The Squeaky Door

So I have this squeaky pantry door. Every time I open the door I think, “I really should put some oil on this door.” Then I grab whatever I need from the pantry, close the squeaky door and move on, forgetting all about the quick and easy solution to my problem. In some ways it is nice to have a squeaky door so I know when my two year old is entering food paradise to get himself a snack. Or when my five year old thinks it would be a great time for a piece of candy. From the other room I say, “It isn’t time for a treat.” Or, “Candy is not a breakfast food!” How mom? How in the world did you know I was in the pantry, you weren’t even here?!  Thank you squeaky door.

I do need to fix it or have hubby fix it. It is so small when you consider the size of a single family home. And yet every time I hear it squeak I get more and more annoyed by it. It nags. There is not a day that goes by that I don’t hear the squeak {376 times, but who is counting} and cringe. Forgetful? Yes. Lazy? Maybe. Apathetic? Probably.

How many squeaky doors do you have in your own life? And why do they always seem to start with NEXT TIME ….

I’ll respond differently … squeak

I”ll listen better … squeak

I’ll stop getting so mad so quickly … squeak

I’m gonna be super patient … squeak

I”m totally gonna show love first … squeak


The squeaks we live with day in and day out. They aren’t like murder or adultery or substance abuse. They don’t seem THAT big. Or AS bad. But let’s be honest, am I really that much better? If I don’t make a conscious choice to target these offenses, they become annoyances that nag and eventually destroy. Revealing the inadequacy that can be found in all of us. For example, my children and our problem with interrupting. I can hardly finish a sentence without one or two of my children interrupting me. I get so frustrated and sometimes yell. Well, more often than not I yell about it because I feel like they should get it, they should know it isn’t okay. And then, God opens my oh-so-judgmental eyes and I realize I don’t let my husband finish a sentence. I interrupt him constantly. This isn’t a new thing for me; it is something I have dealt with all of my life.  It is one of my many squeaky doors. This small act of interrupting can eventually make my husband say, “Never mind.” It can make my children say, “Why won’t you listen to me?” It can leave me in a puddle on the kitchen floor because I care too much about my opinion or my thoughts than I do about really listening.

Understand this, my dear brothers and sisters: You must all be quick to listen, slow to speak, and slow to get angry. James 1:19

How about my squeaky door of impatience? While driving I tend to get a little verbal. I don’t swear, mainly because I have my kids in the car. In my heart there are all sorts of crazy things going on. I do however let out a, “That crazy guy” or “Seriously dude, what are you thinking?” And my kids, in a concerned voice ask if everything is okay. I reply yes, and explain that mommy has things to do and places to go, but that person wasn’t paying attention. Later I hear my kids playing and one responds to other with, “Seriously? what were you thinking?” That sounds so mean. I tell my children to apologize and start treating each other with respect. And then, God opens my oh-so-judemental eyes and I realize I too don’t treat people with respect. I have things to do and places to go and don’t you dare stand in my way. Impatience, ugh.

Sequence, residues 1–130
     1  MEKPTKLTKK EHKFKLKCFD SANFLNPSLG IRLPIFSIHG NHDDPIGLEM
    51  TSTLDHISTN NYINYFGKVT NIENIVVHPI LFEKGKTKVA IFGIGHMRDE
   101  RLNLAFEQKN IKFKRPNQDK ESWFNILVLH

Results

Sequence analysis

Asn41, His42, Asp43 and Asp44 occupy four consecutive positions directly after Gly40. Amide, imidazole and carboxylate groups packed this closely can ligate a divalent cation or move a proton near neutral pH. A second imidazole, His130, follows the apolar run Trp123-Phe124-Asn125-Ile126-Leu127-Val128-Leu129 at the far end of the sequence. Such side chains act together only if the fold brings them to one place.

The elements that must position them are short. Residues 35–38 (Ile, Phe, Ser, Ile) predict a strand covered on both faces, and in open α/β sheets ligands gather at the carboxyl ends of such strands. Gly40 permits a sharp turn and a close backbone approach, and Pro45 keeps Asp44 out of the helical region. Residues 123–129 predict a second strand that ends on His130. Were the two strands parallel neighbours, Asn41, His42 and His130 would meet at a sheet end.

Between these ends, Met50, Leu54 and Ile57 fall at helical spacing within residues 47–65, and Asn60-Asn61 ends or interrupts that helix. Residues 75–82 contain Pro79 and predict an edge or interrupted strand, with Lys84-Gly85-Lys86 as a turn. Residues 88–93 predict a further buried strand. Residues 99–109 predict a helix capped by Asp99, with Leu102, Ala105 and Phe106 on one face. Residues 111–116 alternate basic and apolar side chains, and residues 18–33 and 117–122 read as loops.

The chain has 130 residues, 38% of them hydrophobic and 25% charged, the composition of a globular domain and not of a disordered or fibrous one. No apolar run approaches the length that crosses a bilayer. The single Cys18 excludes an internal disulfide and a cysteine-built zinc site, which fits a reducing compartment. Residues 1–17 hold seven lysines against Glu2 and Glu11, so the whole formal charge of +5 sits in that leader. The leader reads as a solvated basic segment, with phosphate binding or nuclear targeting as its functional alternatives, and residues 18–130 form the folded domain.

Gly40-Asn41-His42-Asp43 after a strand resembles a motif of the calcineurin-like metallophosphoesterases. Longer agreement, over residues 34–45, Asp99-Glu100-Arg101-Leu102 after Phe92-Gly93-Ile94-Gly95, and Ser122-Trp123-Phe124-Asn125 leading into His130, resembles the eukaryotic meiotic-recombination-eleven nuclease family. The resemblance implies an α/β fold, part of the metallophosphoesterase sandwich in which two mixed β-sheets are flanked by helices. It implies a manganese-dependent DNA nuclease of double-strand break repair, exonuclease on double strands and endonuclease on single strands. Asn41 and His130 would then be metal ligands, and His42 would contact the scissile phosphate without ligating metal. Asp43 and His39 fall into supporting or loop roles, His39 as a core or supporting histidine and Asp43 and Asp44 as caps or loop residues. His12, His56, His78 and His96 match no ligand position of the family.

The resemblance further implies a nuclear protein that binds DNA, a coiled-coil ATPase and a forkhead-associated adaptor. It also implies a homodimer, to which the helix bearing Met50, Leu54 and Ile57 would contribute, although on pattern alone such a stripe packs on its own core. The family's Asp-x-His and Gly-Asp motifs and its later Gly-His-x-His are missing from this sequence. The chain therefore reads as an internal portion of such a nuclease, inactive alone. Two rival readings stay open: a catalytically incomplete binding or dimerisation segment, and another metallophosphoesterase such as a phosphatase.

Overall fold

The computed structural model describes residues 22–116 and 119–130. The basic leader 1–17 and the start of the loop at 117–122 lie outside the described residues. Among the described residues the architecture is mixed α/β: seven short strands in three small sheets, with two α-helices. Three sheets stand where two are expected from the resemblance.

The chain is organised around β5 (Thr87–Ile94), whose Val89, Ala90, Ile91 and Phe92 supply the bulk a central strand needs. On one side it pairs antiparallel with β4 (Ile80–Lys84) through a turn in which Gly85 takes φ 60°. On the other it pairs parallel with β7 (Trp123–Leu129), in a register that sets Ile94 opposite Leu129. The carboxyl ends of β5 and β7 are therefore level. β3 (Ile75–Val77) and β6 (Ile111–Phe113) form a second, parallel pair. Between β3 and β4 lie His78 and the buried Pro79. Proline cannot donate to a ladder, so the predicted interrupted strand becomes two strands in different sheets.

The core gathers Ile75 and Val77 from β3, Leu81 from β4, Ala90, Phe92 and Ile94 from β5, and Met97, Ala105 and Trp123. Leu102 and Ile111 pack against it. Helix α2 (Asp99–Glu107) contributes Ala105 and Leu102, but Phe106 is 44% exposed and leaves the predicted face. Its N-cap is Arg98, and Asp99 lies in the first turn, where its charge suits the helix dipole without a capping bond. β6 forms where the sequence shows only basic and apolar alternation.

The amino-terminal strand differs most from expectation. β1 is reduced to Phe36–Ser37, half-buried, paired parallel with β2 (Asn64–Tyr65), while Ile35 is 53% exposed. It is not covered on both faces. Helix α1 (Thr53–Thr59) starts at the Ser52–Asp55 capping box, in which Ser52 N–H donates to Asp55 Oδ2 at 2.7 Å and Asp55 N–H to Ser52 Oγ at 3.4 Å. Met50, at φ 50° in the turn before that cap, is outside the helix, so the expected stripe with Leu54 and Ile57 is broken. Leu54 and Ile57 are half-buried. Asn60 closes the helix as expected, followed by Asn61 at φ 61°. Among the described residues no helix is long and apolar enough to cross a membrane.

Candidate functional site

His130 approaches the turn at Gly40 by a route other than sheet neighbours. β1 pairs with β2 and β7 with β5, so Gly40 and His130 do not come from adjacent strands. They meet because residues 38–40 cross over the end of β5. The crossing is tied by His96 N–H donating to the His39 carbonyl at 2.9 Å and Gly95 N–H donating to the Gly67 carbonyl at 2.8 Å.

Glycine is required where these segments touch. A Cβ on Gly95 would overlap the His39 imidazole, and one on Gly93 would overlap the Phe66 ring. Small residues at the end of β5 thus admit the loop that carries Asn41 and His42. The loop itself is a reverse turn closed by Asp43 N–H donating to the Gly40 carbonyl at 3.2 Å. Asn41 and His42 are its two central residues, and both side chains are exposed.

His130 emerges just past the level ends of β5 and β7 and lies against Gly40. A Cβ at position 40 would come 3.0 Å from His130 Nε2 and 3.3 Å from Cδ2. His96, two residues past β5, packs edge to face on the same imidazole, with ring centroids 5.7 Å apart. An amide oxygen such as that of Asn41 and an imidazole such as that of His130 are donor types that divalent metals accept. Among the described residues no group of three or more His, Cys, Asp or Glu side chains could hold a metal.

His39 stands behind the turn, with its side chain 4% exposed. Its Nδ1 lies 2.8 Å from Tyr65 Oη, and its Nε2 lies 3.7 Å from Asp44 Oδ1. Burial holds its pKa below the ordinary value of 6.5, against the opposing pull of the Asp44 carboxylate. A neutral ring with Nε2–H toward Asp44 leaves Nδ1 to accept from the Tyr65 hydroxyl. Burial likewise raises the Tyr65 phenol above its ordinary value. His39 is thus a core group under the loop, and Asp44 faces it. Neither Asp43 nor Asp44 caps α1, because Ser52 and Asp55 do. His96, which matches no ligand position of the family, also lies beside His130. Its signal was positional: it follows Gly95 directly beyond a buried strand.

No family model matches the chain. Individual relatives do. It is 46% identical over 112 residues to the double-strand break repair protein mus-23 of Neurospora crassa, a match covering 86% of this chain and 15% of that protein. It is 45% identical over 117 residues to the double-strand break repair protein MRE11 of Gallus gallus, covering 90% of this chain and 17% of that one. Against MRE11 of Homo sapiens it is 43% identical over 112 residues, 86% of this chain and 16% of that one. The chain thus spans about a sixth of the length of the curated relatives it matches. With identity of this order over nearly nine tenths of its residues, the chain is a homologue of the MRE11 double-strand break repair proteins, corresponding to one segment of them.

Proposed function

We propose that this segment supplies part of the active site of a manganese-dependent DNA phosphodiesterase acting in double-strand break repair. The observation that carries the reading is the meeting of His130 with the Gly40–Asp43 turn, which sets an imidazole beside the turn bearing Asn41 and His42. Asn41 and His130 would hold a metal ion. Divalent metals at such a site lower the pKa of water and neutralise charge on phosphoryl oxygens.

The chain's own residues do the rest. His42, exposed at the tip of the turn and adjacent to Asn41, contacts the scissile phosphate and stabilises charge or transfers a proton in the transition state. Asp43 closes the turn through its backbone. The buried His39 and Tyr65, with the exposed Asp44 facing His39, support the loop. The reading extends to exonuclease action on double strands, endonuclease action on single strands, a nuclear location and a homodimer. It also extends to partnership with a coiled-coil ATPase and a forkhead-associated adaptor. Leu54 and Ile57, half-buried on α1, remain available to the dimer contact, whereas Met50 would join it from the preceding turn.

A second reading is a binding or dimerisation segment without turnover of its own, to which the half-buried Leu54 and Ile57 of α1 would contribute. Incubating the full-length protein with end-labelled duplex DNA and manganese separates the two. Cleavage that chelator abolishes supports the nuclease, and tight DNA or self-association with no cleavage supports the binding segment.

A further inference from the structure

Be humble and gentle in every way. Be patient with each other and lovingly accept each other. Ephesians 4:2

Squeaky doors.  Sins.

If left unattended to, they can destroy. The squeaky door won’t fix itself. It needs something greater than itself.

I, too, will not fix myself. I need something greater. And thankfully, Jesus has made this possible. We have sinned and fallen short. I can relate to this. Like um, every . single . day. But that is not the end of the verse. We are not left there. It says that because of Christ’s payment for our sin we have a stamp of approval. How amazing is that?! As we embrace this gospel truth we embrace our Savior. We get to know him more and our hearts soften towards him. He is the oil on our squeaky doors. He covers us and makes us functional. In fact, he allows our stories to be used for His glory.

You see, all have sinned, and all their futile attempts to reach God in His glory fail. Yet they are now saved and set right by His free gift of grace through the redemption available only in Jesus the Anointed. When God set Him up to be the sacrifice—the seat of mercy where sins are atoned through faith—His blood became the demonstration of God’s own restorative justice. All of this confirms His faithfulness to the promise, for over the course of human history God patiently held back as He dealt with the sins being committed.  This expression of God’s restorative justice displays in the present that He is just and righteous and that He makes right those who trust and commit themselves to Jesus. Romans 3:23-26


· KC·





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4 Responses to The Squeaky Door

  1. Wow, I sure did enjoy this thanks for sharing! 😀

  2. Karol says:

    Thank you for sharing – can so relate!

  3. Brian Pattison says:

    Hum, heredity, some good traits and some bad. Not all from me, but from Adam. Man’s condition in a wonderful, story from a wonderful daughter. I hope and pray that all are listening.
    Love, Dad

  4. Cherish says:

    Thank you for this post. It is right where I am today. Thank you for the verses to point me to Him. I have lots of squeaks!

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